Nudging — the idea that behavior tweaked at the right time and in the right way can lead to larger-scale change — has been deployed to influence food selection habits, to prompt cleaner public bathrooms, and to get people to dispose of garbage properly. It’s also been assessed by education researchers, with promising findings related to college access and parent engagement.
Developmental psychologist Junlei Li believes that nudging can also be a powerful tool in early childhood settings, when grounded in empowering the simple interactions that already shape most caregiver-child relationships — and that are so important to children's healthy growth and learning. While nudging has been used to prompt behavioral changes in children, it can also be used with instructional coaches, supervisors, teachers, pediatricians, and parents to promote positive adult-child interactions.
What Makes a Nudge Helpful?
“When we talk about nudging to promote the learning and development of infants and toddlers, what’s a good nudge and what’s a bad nudge?,” Li asks. In this context, he says, the key to an effective nudge is to focus on enriching human relationships. Li looked across a range of nudging interventions to get a sense of which could empower positive interactions with children.
- Filming Interactions to Nurture Development (FIND): In partnership with the Center for the Developing Child, FIND filmed interactions between parents and their children. Researchers then described what elements of interaction seemed to help with language development. They edited the video and pulled out these positive interactions, then had the parents watch and reflect on what they saw.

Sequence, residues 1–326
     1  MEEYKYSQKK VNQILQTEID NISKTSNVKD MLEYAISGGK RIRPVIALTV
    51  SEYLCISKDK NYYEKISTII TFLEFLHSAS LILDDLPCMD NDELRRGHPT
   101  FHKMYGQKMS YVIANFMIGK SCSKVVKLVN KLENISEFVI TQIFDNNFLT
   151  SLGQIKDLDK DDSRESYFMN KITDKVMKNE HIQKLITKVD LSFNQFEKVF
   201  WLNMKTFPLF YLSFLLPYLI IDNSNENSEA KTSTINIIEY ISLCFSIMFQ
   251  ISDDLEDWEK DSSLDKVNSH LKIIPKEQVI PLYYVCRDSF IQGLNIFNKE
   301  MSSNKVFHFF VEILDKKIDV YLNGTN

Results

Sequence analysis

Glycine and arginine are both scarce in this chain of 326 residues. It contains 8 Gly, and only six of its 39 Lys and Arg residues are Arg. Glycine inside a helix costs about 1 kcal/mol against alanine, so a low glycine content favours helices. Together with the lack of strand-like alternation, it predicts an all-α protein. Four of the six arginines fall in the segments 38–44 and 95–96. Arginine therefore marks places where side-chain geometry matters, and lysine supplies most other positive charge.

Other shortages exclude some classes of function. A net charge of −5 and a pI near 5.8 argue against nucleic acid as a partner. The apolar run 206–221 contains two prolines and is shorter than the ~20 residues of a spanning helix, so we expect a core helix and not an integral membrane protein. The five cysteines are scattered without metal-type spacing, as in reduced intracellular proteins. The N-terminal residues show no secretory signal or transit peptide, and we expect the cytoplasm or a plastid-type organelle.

- Empathic Discipline Intervention: A 70-minute intervention helped middle schools serving diverse students cut suspension rates in half by focusing on teacher-student relationships. Through a series of prompts, researchers got teachers to reflect, write, and share about the value of teacher-student relationships, drawing on what teachers already knew and promoting ownership of that knowledge.
- Mindset Matters: Researchers targeted health outcomes in hotel housekeeping staff. They instructed one group on healthy habits and told another group about the ways in which their daily activity already burned calories. Neither group changed their health habits, but the group who was informed about their daily activities started to lose weight. One explanation: those who knew their daily activity qualified as exercise started to do those things more vigorously.
Start with What You’re Already Doing
What do these successful nudges have in common? According to Li, it’s “helping people realize that what they need to do is already within their capacity, and just reminding them of that fact can encourage them to keep doing these things more intentionally, consistently, even confidently. Instead of overwhelming somebody with everything they are not doing, you help someone to see that they are already capable of building relationships and interacting with children — and all of us are capable and can grow even more.”